SCOLT Shepherds ACTFL Award Winners SCOLT is pleased to announce that the organization sponsored the nominations of two ACTFL Awards this year: Carmen Scoggins is the 2015 recipient of the ACTFL Award for Excellence in Foreign Language Instruction Using Technology with IALLT (K-12) Alisha Dawn Samples and her teachers at Lexington School District One in South Carolina are the recipients of the 2015 ACTFL Melba D. Woodruff Award for Exemplary Elementary Foreign Language Program. Congratulations to these outstanding educators!
2015 - 2016 SCOLT Board of Directors Carol Anne Costabile-Heming (TX) President Linda Markley (FL) Vice President and Scholarships Director Linda Zins-Adams (OH) Immediate Past President Alisha Dawn Samples (SC) Advocacy Director and Registrar Yohanna Jiménez (AL) Program Director Clarissa Adams-Fletcher (GA) Recording Secretary and SCOLTalk Editor Tom Soth (NC) Awards Director Krista Chambless (AL) Exhibits and Advertising Director Meredith White (TN) Assistant Program Director Caroline Switzer-Kelly (NC) SCOLT Representative to ACTFL Paula Garrett-Rucks (GA) Dimension Editor David Jahner (GA) Executive Director
Apply for SCOLT Scholarships Do you want to rejuvenate yourself? Do you want to get away from it all for a while? Do you want to become a student again? Then why not apply for one of SCOLT's incredible scholarship opportunities?!?! Go to our scholarships page for more information about summer study experiences in Canada, France, Germany, Spain, South America, or México. Also make sure you check out the videos and lesson plans from the 2015 SCOLT scholarship recipients! We ask that the scholarship recipients become a SCOLT Sponsor and create a video and lesson plan to post on the SCOLT website highlighting their summer travel experience. Teachers must submit an online application, a curriculum vitae, one letter of recommendation, a one page statement in English detailing benefits of the award to the applicant and a one page statement in French, Spanish, or German detailing the applicant’s teaching philosophy. A committee of SCOLT board members and SCOLT Sponsors and Patrons reviews the applications and uses a rubric to determine each recipient. The application deadline is December 15, 2015. For more information, please contact Linda Markley, SCOLT Scholarship Director.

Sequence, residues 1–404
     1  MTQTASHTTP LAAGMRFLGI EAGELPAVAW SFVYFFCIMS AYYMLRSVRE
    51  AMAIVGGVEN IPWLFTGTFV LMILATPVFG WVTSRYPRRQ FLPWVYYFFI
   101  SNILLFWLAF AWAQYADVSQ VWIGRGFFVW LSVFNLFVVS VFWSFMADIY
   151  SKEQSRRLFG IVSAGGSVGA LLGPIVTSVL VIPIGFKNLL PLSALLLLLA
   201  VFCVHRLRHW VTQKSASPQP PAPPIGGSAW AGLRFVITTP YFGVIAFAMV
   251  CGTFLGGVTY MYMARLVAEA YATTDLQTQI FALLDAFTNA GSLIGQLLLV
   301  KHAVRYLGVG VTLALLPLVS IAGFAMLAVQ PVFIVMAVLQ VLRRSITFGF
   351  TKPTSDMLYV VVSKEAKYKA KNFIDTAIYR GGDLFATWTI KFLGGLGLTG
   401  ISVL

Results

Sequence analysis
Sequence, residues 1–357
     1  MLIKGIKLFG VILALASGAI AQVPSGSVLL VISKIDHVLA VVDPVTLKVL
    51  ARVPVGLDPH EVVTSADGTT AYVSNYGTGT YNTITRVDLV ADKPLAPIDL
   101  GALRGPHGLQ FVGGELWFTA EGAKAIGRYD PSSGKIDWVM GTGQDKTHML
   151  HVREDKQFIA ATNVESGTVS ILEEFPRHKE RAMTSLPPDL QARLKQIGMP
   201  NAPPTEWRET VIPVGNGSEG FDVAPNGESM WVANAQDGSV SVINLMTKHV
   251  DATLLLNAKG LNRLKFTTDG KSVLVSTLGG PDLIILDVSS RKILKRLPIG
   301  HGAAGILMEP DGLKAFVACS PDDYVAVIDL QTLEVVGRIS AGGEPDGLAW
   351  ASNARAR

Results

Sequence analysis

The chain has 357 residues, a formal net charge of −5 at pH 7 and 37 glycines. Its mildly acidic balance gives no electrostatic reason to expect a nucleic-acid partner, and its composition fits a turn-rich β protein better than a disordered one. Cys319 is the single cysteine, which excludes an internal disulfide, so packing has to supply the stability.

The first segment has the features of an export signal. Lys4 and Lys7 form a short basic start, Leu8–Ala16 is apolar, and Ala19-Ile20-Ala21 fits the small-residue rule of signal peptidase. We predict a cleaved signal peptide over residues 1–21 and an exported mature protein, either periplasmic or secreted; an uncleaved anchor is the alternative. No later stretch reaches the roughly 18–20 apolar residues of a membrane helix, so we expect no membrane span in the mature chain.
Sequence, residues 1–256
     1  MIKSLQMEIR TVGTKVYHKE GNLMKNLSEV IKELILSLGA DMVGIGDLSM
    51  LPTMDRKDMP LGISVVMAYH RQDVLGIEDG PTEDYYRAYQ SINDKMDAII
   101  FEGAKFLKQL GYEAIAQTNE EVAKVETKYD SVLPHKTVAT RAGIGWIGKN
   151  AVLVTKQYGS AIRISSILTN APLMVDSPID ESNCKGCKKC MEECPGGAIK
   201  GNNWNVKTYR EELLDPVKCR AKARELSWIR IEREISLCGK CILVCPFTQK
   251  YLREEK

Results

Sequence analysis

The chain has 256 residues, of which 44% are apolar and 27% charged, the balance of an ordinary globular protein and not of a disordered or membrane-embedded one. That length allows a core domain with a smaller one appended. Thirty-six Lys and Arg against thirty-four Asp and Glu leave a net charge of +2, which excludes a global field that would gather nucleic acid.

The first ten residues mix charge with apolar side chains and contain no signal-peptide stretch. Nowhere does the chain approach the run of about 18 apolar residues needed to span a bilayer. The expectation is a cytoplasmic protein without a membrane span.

Deadlines - Mark Your Calendars Conference Registration: Early Registration Deadline: January 8, 2016 Late Registration Period: January 9 - 22, 2016 After January 22, On-Site Registration Only Hotel Reservations: Hotel Reservations Deadline: January 18, 2015 Awards and Scholarships Deadlines: Educator of Excellence: December 1, 2015 SCOLT Leadership Award: December 1, 2015 SCOLT Scholarship Applications: December 15, 2015 Teacher of the Year Portfolios Due: January 2, 2016 Bostick Award: February 1, 2016 The Educator of Excellence Award is for post-secondary world language professionals, while the Bostick Award is for teachers with five or fewer years of teaching experience. Check awards information on page 15 for more information from Tom Soth, SCOLT Awards Director.
2016 SCOLT/FLANC/SCFLTA/SEALLT Conference Schedule Thursday, February 18 8:00 AM – 2:00 PM Registration [onsite AND preregistration] 12:00 PM – 6:00 PM Exhibits set up 9:00 AM – 4:00 PM 9:00 AM – 12:00 PM 12:00 PM – 1:00 PM 12:00 PM – 4:30 PM 1:00 PM – 4:00 PM 2:00 PM – 6:00 PM 4:00 PM – 5:00 PM 5:00 PM – 6:00 PM 6:00 PM – 8:00 PM
ACTFL Full Day Workshop Pre-conference morning workshops: [4 - SCOLT, FLANC, SCFLTA, SEALLT] Lunch Leadership luncheon and Workshop Pre-conference afternoon workshops: [4 - SCOLT, FLANC, SCFLTA, SEALLT] SCOLT Teacher of the Year Interviews Time available for FLANC/SCFLTA/SEALLT Boards to meet Co-host boards’ social hour [SCOLT, SEALLT, FLANC, SCFLTA, ACTFL] Registration Open – Pre-Registered Only